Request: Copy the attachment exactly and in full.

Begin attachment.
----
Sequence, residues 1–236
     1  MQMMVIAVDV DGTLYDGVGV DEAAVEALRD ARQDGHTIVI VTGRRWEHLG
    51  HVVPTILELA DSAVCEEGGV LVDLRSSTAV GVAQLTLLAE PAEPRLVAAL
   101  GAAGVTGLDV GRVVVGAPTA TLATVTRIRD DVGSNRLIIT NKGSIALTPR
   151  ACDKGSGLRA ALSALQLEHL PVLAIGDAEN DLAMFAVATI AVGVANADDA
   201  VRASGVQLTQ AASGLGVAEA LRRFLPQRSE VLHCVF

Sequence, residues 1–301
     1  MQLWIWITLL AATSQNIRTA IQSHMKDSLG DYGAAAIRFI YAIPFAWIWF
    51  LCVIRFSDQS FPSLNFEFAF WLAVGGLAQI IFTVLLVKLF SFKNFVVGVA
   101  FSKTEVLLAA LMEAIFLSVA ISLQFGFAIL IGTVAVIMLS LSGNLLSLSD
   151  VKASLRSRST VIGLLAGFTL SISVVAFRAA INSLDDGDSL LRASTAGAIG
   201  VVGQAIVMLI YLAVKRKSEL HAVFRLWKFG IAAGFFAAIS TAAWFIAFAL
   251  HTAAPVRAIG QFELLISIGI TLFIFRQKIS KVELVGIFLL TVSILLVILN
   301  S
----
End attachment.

Sequence, residues 1–236
     1  MQMMVIAVDV DGTLYDGVGV DEAAVEALRD ARQDGHTIVI VTGRRWEHLG
    51  HVVPTILELA DSAVCEEGGV LVDLRSSTAV GVAQLTLLAE PAEPRLVAAL
   101  GAAGVTGLDV GRVVVGAPTA TLATVTRIRD DVGSNRLIIT NKGSIALTPR
   151  ACDKGSGLRA ALSALQLEHL PVLAIGDAEN DLAMFAVATI AVGVANADDA
   201  VRASGVQLTQ AASGLGVAEA LRRFLPQRSE VLHCVF

Sequence, residues 1–301
     1  MQLWIWITLL AATSQNIRTA IQSHMKDSLG DYGAAAIRFI YAIPFAWIWF
    51  LCVIRFSDQS FPSLNFEFAF WLAVGGLAQI IFTVLLVKLF SFKNFVVGVA
   101  FSKTEVLLAA LMEAIFLSVA ISLQFGFAIL IGTVAVIMLS LSGNLLSLSD
   151  VKASLRSRST VIGLLAGFTL SISVVAFRAA INSLDDGDSL LRASTAGAIG
   201  VVGQAIVMLI YLAVKRKSEL HAVFRLWKFG IAAGFFAAIS TAAWFIAFAL
   251  HTAAPVRAIG QFELLISIGI TLFIFRQKIS KVELVGIFLL TVSILLVILN
   301  S